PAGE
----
This week in the Tekiota newsletter, you will find:
- 3 Backup solutions for teachers.
- A ThingLink pointing to Google Apps documentation.
- Instructions on how to blog from a teacher.
Let’s dive in:
- TIP OF THE WEEK - [icon name="fa-cc"] STANDARD 4: promote and model digital citizenship and responsibility
With the amount of unit calendars, lesson plans, class preparations residing on a typical teacher computer, it is essential to plan for an eventual emergency if anything were to happen to your machine. We investigate 3 backup solutions for teachers.
1. Time Machine
On a Mac, this is really the ultimate backup solution. It is simple and yet very effective. All you need is an external hard drive with at least as much available space as 2 or 3 times the amount of data you have. A typical US$75 1TB external hard drive will amply suffice (our suggestion is to get a 2.5″ format to avoid dealing with an extra power supply). Plug your external hard drive and if Time Machine hasn’t asked you yet, go turn it on from your System Preferences.
Once the first Time Machine backup instance complete, you can literally bring your computer back to that exact time and find the files or folders you need. Each subsequent backups will provide for different versions. We like the fact that you can bring your computer back to the exact state you need with this solution.
2. Google Drive
Although Google Drive is not exactly a backup per-se, the ability to upload any file to Google Drive and the fact that Google Apps For Education now offers unlimited storage means that you have a free cloud backup solution at your disposal.
To make things simpler for yourself, you should install the Google Drive App on your computer. This will create a folder which syncs directly with Google Drive online (but be careful not to sync all the very large folders that may be shared with you).
CrashPlan is a dedicated online backup solution which will set you back an annual fee of approximately US$60 for one computer. Once you setup the folders to backup, CrashPlan will automatically transfer your files in the background. The backups are incremental, encrypted, and include multiple versions of your files. This solution, just like Google Drive, is not recommended when you have low Internet bandwidth.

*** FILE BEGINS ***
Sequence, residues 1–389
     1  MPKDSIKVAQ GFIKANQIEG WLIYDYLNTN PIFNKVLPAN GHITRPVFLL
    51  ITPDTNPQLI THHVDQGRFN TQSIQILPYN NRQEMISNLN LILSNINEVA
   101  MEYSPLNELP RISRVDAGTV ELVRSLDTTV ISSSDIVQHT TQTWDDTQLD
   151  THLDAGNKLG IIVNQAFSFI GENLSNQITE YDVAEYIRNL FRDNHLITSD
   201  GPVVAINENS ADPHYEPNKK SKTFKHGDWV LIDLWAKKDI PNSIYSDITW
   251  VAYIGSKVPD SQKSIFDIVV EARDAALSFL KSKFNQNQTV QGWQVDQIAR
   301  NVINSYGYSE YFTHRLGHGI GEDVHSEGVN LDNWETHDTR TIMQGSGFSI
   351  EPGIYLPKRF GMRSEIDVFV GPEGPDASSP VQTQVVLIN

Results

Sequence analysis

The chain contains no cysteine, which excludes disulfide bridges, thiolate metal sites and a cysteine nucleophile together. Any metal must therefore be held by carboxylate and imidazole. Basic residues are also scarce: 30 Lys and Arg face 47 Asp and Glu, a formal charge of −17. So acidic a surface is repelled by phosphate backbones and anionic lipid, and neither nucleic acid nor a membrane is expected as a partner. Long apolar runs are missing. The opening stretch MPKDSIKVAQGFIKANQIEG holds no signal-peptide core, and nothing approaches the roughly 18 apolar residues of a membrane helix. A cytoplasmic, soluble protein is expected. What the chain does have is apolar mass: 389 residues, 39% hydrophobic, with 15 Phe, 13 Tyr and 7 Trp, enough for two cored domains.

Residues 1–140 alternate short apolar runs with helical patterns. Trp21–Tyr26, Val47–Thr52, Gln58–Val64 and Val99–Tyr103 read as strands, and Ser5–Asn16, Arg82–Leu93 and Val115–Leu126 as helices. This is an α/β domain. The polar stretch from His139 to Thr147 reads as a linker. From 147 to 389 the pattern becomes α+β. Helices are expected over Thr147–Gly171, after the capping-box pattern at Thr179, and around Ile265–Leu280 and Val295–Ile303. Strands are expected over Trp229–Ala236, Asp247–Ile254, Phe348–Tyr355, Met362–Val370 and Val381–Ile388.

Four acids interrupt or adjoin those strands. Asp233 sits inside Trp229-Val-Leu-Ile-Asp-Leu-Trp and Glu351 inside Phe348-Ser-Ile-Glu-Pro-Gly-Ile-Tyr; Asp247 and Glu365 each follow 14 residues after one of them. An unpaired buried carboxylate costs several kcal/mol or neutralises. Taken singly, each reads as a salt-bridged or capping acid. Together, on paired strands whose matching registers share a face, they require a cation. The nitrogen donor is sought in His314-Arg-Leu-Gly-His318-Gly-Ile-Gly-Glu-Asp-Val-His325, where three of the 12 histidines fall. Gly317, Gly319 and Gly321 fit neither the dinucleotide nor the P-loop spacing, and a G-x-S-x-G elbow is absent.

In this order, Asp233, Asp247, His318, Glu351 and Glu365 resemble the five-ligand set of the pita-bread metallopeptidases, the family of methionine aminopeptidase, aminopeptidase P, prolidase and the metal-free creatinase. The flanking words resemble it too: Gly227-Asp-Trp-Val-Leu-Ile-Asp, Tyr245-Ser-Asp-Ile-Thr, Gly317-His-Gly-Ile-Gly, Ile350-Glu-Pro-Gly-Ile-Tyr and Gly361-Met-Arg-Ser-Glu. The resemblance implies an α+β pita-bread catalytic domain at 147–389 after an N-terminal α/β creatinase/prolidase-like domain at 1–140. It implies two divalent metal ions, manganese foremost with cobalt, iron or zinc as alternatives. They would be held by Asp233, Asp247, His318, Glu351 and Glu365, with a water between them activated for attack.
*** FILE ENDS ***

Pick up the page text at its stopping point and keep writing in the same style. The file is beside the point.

You can also use CrashPlan for free on your own external hard drive, or by backing up to another computer.
Each solution comes with its own set of advantages and inconveniences.
Read the entire article to learn more about those 3 backup solutions for teachers.
- TIP OF THE WEB - [icon name="fa-send"] STANDARD 1: facilitate and inspire student learning and creativity
ThingLink is a great web app to add interactive elements (text, links, videos, music…) to images. It all but takes 3 easy steps:
- Choose and image,
- Add your links,
- Share your interactive image (see example above).
To navigate the documentation available from Google Apps support pages, Jane Mitchinson created an interactive infographic using Thinglink. Roll your mouse over the various icons and click on the popup links of this embedded Google Apps for Education Thinglink to navigate to each resource.
ThingLink’s offer a very dynamic way to share engaging resources with students. Read the whole post featuring ThingLink on How to Use Google Apps.
Instructions on How to Blog by a Teacher
- TIP OF THE HAT - [icon name="fa-star"] awarded to gene chagaris [icon name="fa-cloud-upload"] STANDARD 1: facilitate and inspire student learning and creativity
Gene Chagaris is awarded this week’s tip of the hat for instructions on how to blog that withstand the test of time. In less than a minute, Grade 6 Michelle can still pull out all the instructions that Ms. Chagaris gave her last year for writing articles on her website. A very impressive feat considering the sometime ephemeral state of our teachings!
Have a great weekend, and don’t forget to checkout Tekiota online if you haven’t done so yet.